Environmental Education Program Directors
Environmental education program directors coordinate, manage, and oversee educational programs for students of all ages. They work for schools, nature centers, museums, parks, and government agencies. They collaborate with environmental educators to create courses and workshops that teach students about various nature topics, ranging from conservation, biodiversity, wildlife and marine science, ecology, and botany, to environmental policy and regulations, sustainability practices, and other environment-related topics.
Minimum Education Level
Earnings vary for educational program directors depending upon the employer, the size of the budget, and the region. The U.S. Department of Labor (DOL) reports that instructional coordinators (who develop curricula, select textbooks and other materials, train teachers, and make sure educational programs meet regulations and standards) had median annual incomes of $64,450 in May 2018, with salar...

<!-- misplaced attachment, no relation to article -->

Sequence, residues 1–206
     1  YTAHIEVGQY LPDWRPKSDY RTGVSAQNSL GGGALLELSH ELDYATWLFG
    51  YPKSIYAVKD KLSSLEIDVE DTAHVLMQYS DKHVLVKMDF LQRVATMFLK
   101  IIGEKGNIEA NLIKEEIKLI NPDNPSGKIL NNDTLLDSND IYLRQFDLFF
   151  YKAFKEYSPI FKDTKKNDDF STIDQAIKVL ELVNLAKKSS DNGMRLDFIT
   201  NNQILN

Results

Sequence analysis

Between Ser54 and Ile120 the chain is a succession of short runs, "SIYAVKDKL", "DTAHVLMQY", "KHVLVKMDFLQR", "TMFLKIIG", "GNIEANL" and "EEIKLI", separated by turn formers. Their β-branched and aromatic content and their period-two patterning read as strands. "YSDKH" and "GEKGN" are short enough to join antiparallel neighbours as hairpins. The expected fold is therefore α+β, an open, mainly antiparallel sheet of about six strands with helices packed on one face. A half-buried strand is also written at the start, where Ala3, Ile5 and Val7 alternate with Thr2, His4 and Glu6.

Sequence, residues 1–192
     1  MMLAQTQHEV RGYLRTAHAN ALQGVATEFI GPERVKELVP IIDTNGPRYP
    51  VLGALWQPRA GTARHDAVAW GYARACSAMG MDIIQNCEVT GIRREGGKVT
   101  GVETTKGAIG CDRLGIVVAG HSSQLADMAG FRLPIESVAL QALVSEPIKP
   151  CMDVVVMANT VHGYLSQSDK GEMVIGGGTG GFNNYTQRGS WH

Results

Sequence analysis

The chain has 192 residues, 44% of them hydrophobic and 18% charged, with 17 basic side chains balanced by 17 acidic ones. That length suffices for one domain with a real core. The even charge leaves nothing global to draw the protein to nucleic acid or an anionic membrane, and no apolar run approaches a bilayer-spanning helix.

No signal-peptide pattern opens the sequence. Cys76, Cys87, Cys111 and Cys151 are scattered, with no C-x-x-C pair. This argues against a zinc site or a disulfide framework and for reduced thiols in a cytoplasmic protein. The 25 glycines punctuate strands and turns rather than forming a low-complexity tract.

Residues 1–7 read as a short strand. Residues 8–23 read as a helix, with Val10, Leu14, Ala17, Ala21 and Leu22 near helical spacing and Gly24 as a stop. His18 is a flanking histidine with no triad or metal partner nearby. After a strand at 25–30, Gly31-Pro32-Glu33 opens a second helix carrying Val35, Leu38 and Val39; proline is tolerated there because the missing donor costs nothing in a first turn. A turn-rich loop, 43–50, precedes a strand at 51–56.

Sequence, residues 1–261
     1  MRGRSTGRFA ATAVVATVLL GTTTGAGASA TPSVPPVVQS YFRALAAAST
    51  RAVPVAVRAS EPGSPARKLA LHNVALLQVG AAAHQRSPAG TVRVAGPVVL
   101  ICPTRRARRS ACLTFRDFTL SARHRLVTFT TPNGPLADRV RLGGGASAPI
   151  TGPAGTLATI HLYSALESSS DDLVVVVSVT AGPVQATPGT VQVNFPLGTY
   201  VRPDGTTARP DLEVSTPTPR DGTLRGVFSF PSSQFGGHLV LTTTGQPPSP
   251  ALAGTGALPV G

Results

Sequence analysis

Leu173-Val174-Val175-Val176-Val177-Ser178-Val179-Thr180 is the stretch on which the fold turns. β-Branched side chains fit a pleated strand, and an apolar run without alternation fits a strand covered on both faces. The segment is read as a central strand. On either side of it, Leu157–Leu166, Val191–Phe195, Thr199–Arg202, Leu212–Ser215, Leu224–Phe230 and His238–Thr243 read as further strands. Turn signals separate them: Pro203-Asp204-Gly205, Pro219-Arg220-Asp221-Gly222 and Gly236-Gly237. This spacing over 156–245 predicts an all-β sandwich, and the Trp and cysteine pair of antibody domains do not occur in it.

Environmental education program directors work 40 or more hours per week. Depending on the programs they direct, hours may be erratic. They work in offices, using computers to conduct research and write educational plans and reports. They also work in classrooms that can be in diverse settings—from office and school buildings, to boats, farms, parks, zoos, or any number of outdoor settings.
The U.S. Department of Labor (DOL) reports that the green industry is growing and numerous jobs are expanding to meet demand. While the DOL does not report specifically about environmental education prospects, it does show that employment for instructional coordinators is expected to grow as fast as the average for all occupations through 2028. Increased interest in environmental issues coupled...